Over brie and Courvoisier this holiday season Conservatives have had plenty of time to figure out what they need to do to rehabilitate their party after the November 2008 Economic Statement debacle.
The obvious conclusion for all – save those few hopeless ideologues who still cling to the myth of Stephen Harper’s strategic mastery despite all evidence to the contrary – is that Harper himself must go.
Those needing further convincing that keeping Harper around will hurt more than the alternative consider this: On the very same day that economists are predicting we are now a toboggan run of job loses without even a set of black plastic handles to slow our descent, the only news out of Stephen Harper’s interview with Maclean's is that he’s still fixated on the political party allowances that landed him in the non-confidence penalty box in the first place.
In answer to the question have you “mishandled your relations with the opposition?” Harper incredibly tells Peter Whyte: “the government has decided to go [with] a freeze instead of an elimination. But make no mistake, the government believes that the elimination of these subsidies has to be done eventually, that that’s in the public interest.”
Harper is supposed to be saving a $1.2 trillion economy from collapse. He’s supposed to be managing a $250 billion federal budget. He’s supposed to be doing his part as a leader of a G-8 global economy to restore the confidence of investors and consumers. Instead he’s still obsessing over $20 million worth of political subsidies that are so gosh-darn important they merited ZERO mention in the Conservatives’ election platform. $20 million in political allowances that are dwarfed by the $95 million we are forced so spend on the Senate Harper said he wouldn’t appoint anyone to, but then did.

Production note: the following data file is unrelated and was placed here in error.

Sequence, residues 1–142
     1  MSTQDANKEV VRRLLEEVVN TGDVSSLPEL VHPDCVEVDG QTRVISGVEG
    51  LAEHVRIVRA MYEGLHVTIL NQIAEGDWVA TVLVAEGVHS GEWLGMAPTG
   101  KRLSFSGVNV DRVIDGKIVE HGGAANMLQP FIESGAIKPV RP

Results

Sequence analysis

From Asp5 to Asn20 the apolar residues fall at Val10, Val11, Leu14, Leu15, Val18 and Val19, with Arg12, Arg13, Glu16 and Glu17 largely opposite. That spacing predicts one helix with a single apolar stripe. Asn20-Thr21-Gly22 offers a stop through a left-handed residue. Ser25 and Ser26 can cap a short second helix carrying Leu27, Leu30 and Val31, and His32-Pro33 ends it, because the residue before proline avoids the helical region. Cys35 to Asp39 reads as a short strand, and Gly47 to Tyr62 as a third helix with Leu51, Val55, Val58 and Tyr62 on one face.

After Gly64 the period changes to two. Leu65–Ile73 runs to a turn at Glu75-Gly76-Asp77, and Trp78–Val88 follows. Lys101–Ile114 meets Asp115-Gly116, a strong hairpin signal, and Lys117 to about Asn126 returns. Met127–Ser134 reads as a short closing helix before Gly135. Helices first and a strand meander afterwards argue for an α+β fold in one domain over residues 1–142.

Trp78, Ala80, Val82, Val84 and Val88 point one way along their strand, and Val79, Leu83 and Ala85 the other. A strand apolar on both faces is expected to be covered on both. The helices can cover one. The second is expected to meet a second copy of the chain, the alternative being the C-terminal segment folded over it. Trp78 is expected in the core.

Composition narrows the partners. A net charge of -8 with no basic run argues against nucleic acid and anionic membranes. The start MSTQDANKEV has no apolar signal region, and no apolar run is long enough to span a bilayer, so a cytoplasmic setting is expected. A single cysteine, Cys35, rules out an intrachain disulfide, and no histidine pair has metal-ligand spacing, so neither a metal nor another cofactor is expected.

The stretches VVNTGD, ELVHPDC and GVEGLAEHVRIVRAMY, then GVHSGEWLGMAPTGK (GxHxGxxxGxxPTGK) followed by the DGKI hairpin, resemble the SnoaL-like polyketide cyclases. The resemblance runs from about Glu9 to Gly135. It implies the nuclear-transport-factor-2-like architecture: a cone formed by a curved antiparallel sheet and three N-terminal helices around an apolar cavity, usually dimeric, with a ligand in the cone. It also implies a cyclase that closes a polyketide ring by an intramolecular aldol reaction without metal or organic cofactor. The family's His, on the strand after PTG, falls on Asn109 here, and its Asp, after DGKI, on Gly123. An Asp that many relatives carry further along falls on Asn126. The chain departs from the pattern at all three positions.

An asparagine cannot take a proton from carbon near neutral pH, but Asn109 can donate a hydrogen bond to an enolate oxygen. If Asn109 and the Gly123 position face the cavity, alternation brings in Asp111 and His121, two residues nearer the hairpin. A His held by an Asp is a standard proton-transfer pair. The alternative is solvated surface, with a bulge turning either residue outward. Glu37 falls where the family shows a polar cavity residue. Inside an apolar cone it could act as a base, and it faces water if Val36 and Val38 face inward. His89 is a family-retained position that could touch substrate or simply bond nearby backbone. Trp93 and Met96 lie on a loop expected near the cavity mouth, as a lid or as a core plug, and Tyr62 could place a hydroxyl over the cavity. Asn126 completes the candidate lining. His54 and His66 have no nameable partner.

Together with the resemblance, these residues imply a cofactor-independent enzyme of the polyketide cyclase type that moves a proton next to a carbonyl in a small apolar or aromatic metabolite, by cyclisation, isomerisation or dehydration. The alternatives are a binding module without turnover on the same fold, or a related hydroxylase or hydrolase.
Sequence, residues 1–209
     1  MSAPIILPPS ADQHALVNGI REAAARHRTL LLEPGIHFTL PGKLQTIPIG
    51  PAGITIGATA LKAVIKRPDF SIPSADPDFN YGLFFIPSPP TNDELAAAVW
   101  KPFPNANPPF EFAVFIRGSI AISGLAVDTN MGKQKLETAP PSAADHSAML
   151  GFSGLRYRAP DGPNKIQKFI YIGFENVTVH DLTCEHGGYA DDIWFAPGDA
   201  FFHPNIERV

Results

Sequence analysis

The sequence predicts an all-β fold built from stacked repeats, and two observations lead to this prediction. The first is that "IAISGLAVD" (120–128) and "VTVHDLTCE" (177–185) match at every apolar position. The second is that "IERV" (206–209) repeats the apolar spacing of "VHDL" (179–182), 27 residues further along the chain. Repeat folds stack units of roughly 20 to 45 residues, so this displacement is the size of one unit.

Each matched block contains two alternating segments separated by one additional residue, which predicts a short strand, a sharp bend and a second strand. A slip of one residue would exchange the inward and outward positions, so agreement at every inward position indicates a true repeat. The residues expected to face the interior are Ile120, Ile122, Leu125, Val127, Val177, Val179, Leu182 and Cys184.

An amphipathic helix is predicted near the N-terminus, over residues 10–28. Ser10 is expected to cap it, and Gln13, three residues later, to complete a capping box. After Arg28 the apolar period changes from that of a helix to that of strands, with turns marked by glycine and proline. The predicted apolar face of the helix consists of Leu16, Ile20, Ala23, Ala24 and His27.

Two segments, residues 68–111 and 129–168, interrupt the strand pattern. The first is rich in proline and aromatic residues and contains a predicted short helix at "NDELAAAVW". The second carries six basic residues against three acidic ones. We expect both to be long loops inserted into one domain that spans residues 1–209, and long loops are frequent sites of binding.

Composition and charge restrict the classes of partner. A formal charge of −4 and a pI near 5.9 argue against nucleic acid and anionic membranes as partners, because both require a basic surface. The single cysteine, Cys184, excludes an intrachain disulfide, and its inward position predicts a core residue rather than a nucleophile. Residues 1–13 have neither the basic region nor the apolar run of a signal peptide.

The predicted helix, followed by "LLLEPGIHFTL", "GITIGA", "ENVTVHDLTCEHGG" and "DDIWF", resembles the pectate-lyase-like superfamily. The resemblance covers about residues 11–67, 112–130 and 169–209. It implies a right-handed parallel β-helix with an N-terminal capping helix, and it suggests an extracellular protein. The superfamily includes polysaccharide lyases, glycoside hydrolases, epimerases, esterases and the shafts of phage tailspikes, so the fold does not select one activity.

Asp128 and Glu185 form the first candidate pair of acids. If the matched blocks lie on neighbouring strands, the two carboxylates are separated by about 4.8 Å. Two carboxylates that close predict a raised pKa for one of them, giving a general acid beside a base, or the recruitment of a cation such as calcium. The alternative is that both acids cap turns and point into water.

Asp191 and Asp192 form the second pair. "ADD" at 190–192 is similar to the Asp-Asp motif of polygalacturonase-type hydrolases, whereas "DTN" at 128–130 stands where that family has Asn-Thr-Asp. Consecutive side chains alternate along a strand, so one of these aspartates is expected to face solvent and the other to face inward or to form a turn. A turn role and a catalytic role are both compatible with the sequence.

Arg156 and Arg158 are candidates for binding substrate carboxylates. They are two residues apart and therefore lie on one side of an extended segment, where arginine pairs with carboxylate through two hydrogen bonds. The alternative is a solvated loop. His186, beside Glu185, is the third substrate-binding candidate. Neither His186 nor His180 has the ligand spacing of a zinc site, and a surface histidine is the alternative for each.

The issue here is not about political party allowances, nor should it be. The issue now is whether Stephen Harper possesses the self-discipline required of a Prime Minister in a minority government during a calamitous economic downturn. Based on Harper’s narcissistic obsession with partisanship in these times, the answer comes back resoundly “no”.
In a manner unseen since the disastrous bumbling of Stockwell Day at the head of the Alliance, Stephen Harper has climbed high, overplayed his hand, and crashed all the while using his party’s credibility on the economy, democracy and public accountability to break his fall.
Jack Layton and the coalition’s answer is simple: we have to fix the economy and get rid of Harper. You can’t have one without the other.
Harper must go. Even Conservatives must realize that his position is too compromised now.
Which leads to an interesting possibility: before the coalition has its first chance to get their hands on Harper, will more sober and statesmen-like Conservatives like Jim Prentice and Rob Nicholson step forward to call for the change in the leadership their party and our economy needs?